UCSF Data Breach Raises Concerns About Hospital Use of Patient Data
Medical information for more than 6,000 patients at UC-San Francisco Medical Center was posted on the Internet for more than three months in 2007, and UCSF did not alert the patients until almost six months after the privacy breach was discovered, the San Francisco Chronicle reports.
The breach was discovered on Oct. 9, 2007, but the medical facility did not begin notifying the 6,313 patients until April 4. In January, California began requiring health providers to alert patients if their medical information is breached.
Disclosed information included patients' names, addresses and the names of the medical departments where they received care. Some patient medical record numbers and their physician names also were exposed online.
Since 2004, UCSF said it has provided the names and addresses of 30,590 patients to Target America in part to mine the information for potential or future financial donors.
Corinna Kaarlela, UCSF's director of news services, said the firm also helped identify people with ties to "relevant community programs and health care biomedical organizations."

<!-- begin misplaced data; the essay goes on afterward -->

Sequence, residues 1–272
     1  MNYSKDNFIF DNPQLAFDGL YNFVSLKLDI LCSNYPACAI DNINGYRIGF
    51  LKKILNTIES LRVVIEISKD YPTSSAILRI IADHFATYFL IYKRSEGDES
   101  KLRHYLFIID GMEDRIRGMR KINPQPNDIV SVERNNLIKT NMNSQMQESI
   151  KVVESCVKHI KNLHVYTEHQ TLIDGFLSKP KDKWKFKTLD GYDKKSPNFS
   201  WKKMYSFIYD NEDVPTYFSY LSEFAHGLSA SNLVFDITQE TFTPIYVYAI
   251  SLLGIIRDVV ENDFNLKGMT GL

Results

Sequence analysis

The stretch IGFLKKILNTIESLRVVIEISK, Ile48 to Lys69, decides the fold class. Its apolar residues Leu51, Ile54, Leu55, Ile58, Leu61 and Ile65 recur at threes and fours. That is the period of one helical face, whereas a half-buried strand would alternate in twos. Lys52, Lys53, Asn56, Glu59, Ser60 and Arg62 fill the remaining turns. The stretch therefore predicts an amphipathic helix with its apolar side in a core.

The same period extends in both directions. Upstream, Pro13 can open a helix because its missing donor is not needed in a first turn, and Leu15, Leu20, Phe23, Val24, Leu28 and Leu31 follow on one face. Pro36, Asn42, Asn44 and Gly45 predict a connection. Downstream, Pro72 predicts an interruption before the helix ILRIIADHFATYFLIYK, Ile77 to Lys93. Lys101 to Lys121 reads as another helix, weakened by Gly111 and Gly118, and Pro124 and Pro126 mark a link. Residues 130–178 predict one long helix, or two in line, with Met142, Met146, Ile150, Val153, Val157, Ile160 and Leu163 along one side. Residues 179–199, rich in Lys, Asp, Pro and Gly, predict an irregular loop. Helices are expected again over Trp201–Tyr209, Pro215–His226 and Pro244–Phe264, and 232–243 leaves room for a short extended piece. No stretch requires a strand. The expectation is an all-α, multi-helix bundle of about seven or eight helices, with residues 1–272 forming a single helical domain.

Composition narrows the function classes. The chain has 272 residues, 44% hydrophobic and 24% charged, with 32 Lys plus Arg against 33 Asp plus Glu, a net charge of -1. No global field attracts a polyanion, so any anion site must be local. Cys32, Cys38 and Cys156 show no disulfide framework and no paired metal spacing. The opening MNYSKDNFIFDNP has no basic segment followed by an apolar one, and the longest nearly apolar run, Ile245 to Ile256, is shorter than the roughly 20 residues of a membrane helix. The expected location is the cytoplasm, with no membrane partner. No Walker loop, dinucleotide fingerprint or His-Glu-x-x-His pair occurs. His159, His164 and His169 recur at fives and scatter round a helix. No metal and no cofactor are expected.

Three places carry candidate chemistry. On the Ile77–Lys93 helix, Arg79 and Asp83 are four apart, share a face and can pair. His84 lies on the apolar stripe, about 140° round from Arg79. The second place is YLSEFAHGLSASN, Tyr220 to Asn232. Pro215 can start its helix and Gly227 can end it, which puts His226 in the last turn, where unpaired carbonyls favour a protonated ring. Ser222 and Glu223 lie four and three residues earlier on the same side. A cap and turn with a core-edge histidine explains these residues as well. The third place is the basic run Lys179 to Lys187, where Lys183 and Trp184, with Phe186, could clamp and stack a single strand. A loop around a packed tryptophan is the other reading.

Ten days after UCSF was notified of the breach from a patient, the facility ended its business agreement with Target America.
UCSF said it required Target America to hire "an objective third-party firm" to investigate the data breach.
Hospital officials said there is not any indication of identity theft at this time.
Pam Dixon -- executive director of the World Privacy Forum, a not-for-profit public research and consumer education group -- said, "This is a large and very significant breach ... all you need is a patient's name, address and the name of the hospital" to commit medical identity theft.
Arthur Caplan, chair of the department of medical ethics at the University of Pennsylvania School of Medicine, said, "The breach is a symptom, but the real ethics challenge is the extent to which health care institutions are tracking patients and their families for nonmedical reasons -- for fundraising, marketing, advertising" (Fernandez, San Francisco Chronicle, 5/2).